only catch errors with connections, but will
catch other errors as well.
There are some situations where specifying
beams be designed for a percentage of their
uniform load capacity could actually result in
under-strength connections. Figure 2 illus-
trates the biggest danger of specifying beam

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reactions as a percentage of beam capacity based
on uniform loads. When large concentrated

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loads occur near the ends of beam spans (such
as with transfer girders), reactions at supports
nearest the concentrated loads can far exceed

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connection requirements based on percentages
of uniform load capacity. Such situations can
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result in seriously under-designed connections.
Most floor framing members today are Cop
designed as composite beams. The uniform

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load capacity tables in the AISC Manual are
based on non-composite beams. Engineers
using the uniform load capacity tables to

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specify required connection strength need

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to select an arbitrary modification factor to

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apply to the values in the load tables in order

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to be conservative; and yet, that modification
factor should not be so conservative as to add

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unnecessary cost to the structure. Why not
just indicate the actual beam reactions on the

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framing plans?

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Figure 3 illustrates an example where
specifying connection strength based on a

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percentage of uniform load capacity can result
in specified connections strengths far greater
than actually required based on actual loads.
In this illustration, a high beam frames into
a low beam. The high beam was made deeper
than required for strength to facilitate the
connection to the low beam. Because the
beam is deeper than that required for flexural
strength, basing connection strength on an

Figure 3: Specifying required connection strength


as a percentage of beam uniform load capacity can
result in inefficient and overly conservative required
connection strengths.

STRUCTURE magazine 33 August 2009


arbitrary percentage of uniform load
capacity would yield a connection
strength requirement substantially
larger than the actual reaction based
on loading.
Specifying that moment con-
nections be designed for the full
capacity of beams is an especially

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wasteful practice. Required moment
strengths at beam-to-column con-
nections are usually substantially

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smaller than the full moment ca-
pacities of the beams. Requiring Figure 4: Comparison of full capacity moment connection versus
design of moment connections for moment connection detailed for actual moment.

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the full flexural capacity of beams
ht
could result in installation of expensive and accomplish this delegation of responsibility
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otherwise ounnecessary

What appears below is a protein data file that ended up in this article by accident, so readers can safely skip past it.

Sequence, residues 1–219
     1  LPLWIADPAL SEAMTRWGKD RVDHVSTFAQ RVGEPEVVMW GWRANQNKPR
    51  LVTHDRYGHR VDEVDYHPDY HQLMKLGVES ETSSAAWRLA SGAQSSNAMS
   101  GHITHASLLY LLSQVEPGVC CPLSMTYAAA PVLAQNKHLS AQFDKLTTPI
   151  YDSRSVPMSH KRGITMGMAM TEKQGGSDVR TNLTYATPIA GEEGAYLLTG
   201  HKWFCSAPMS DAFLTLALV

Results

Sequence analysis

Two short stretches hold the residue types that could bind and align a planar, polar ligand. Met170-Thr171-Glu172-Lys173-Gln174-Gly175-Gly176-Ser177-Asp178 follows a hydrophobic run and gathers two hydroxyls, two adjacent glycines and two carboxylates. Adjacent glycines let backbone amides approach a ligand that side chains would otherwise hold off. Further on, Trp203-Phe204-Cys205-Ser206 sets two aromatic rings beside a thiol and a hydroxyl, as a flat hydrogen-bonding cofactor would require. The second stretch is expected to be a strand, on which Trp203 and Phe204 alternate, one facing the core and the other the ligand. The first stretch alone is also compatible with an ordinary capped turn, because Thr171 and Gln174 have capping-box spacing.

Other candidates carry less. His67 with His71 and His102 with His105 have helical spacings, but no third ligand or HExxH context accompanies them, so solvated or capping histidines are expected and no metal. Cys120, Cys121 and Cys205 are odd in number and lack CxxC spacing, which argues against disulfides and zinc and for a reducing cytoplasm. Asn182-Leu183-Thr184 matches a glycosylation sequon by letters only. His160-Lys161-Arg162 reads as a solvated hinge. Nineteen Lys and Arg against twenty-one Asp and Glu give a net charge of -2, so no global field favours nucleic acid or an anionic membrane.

p column web stiffeners, is to show the beam reactions, connection
column Cweb doubler plates, complete joint moments and member forces on the structural

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penetration field welds or flange plates with a drawings. Doing so will most accurately convey
substantial numbers of bolts. the connection strengths required to provide
Many engineers specifying full capacity for a safe design, and will allow the steel

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moment (Mp) connections do not realize fabricators engineer to properly design the
that accomplishing the task of transferring connections in the most economic and con-

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the full moment capacity of a beam through a structible manner. This practice enhances the

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joint also requires special detailing of the beam safety and economy of steel framed structures.

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web to column connection (rarely provided) If you have any comments on this topic, or

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in order to achieve the full Mp moment suggestions for future QA Corner topics,
transfer through the joint. Most beam-to- please email the author.

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column moment connections with complete
joint penetration beam flange welds to column

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flanges and standard beam web shear connec-
tions will only develop about 66 to 80 percent
Clifford Schwinger, P.E., SECB is a Vice
President at The Harman Groups King of

m of the Mp moment capacity of the beam.


(The exact percentage depends on the beam
geometry.) Likewise, the maximum capacity
of flange-plate bolted moment connections
Prussia, PA office. He may be reached at
cschwinger@harmangroup.com.

can be limited by the size and configuration of


bolts through the flanges of the beam. Advertise in
Rather than specifying full capacity moment

connections, a better practice is to simply show
the required capacities of moment connections
STRUCTURE magazine
on the drawings, and permit the fabricators
engineer to design those moment connections Contact
to resist the indicated moments. Figure 4
illustrates two beam-to-column moment
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connection details. One connection is detailed
for the full flexural capacity of the beam (in
reality probably closer to 75% of Mp) and
the other is detailed for the actual moment at
the joint as determined by analysis.
Forces for braced frames and truss member
connections should similarly be indicated
on the contract documents. The cost of
connections for heavily loaded trusses can be
substantial. Connection material on heavy
trusses can amount to twenty to thirty percent of
the truss weight. Designing connections for the
actual truss member forces will minimize the
cost of these connections.
There is a trend among many structural
engineers today to delegate connection design
to the steel fabricator. The easiest way to best

STRUCTURE magazine 34 August 2009